Can anyone point me to any proofs (pref. interesting ones!) that make good (or bad) use of the Finite or Infinite Priority Injury Argument?

**Edit:** I would suppose that my question could be put this way too. Are priority injury method proofs limited to recursion theory, or have they been used elsewhere?

Motivation: It's a technique that crops up a lot in recursion/computability theory, especially in the Friedberg-Muchnik theorem. As a development of normal Priority Arguments (set up by Kleene and Post), I wish to explore any interesting, or just additional, formulations.

As I said, I'm familiar with 'Movable Marker' proofs, and with 'Priority Method' proofs, and I'm looking for proofs that make use of the injury side of the method.

For those who are unsure; the priority injury method utilises the notion that for a set of requirements that we have to meet, $R_{2e}$ for one side and $R_{2e+1}$ on the other side of our computation, we define the 'use' of each side, and then choose a *witness* $x$ s.t. $A(x)\neq \Phi^B_i (x)$, where $A$ and $B$ are the sets that we're trying to make incomparable in the Friedberg-Muchnik theorem. The key point is that we allow ourselves to finitely/infinitely *injure* the requirements that have been satisfied before so that we can satisfy a stronger requirement - it is *this* technique that I'm interested to see further examples of...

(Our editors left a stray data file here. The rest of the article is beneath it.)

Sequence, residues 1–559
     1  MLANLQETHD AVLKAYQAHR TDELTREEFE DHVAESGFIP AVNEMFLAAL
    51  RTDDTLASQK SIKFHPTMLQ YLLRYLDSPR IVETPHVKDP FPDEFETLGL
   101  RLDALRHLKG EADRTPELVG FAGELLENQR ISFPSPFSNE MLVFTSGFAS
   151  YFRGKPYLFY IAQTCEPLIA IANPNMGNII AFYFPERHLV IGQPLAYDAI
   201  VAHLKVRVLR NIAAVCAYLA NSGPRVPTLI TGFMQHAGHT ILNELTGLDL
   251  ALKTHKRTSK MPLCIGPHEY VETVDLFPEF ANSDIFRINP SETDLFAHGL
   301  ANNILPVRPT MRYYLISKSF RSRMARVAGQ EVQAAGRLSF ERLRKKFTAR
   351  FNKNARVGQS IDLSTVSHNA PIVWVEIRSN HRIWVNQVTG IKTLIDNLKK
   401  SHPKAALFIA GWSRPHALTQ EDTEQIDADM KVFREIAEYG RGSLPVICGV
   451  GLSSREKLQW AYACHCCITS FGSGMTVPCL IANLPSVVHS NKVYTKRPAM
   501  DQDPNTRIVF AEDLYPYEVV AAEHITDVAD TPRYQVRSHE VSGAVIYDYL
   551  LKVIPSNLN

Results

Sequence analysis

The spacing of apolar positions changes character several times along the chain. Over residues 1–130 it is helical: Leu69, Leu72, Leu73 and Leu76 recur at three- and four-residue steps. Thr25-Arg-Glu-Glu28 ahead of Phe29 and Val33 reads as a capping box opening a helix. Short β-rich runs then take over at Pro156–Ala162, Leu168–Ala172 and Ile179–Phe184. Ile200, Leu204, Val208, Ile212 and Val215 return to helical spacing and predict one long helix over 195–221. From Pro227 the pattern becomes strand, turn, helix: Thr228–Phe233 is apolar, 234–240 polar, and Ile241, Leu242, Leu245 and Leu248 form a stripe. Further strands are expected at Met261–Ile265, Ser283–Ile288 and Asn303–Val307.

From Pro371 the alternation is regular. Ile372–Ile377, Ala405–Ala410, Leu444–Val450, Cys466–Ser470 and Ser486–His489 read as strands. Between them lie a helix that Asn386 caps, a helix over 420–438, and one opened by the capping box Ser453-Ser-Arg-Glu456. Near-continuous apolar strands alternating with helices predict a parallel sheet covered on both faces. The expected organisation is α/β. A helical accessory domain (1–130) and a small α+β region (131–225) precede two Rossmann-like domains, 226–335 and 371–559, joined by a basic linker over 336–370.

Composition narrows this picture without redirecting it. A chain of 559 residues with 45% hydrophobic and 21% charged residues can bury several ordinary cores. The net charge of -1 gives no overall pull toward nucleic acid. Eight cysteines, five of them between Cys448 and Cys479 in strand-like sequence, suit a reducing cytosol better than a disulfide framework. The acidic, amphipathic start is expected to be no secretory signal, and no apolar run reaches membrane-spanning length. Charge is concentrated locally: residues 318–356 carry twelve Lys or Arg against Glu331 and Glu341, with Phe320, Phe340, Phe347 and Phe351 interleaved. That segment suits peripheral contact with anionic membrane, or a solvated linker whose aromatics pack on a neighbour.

Any proofs considered!

With thanks, M.

anywriting of Post or Kleene on what you call "normal Priority arguments"; could you please specify a source? (2) there is a LARGE literature on priority arguments, with all sorts of results, part of which are included in the Soare text mentioned by Paseman in his comment above, so your question does not strike me as sufficiently focused. $\endgroup$Recursively Enumerable Sets and Degrees(Perspectives in Mathematical Logic, Springer-Verlag, 1987). Note that Soare will eventually publish a new book to replace this one - people.cs.uchicago.edu/~soare/cta $\endgroup$7more comments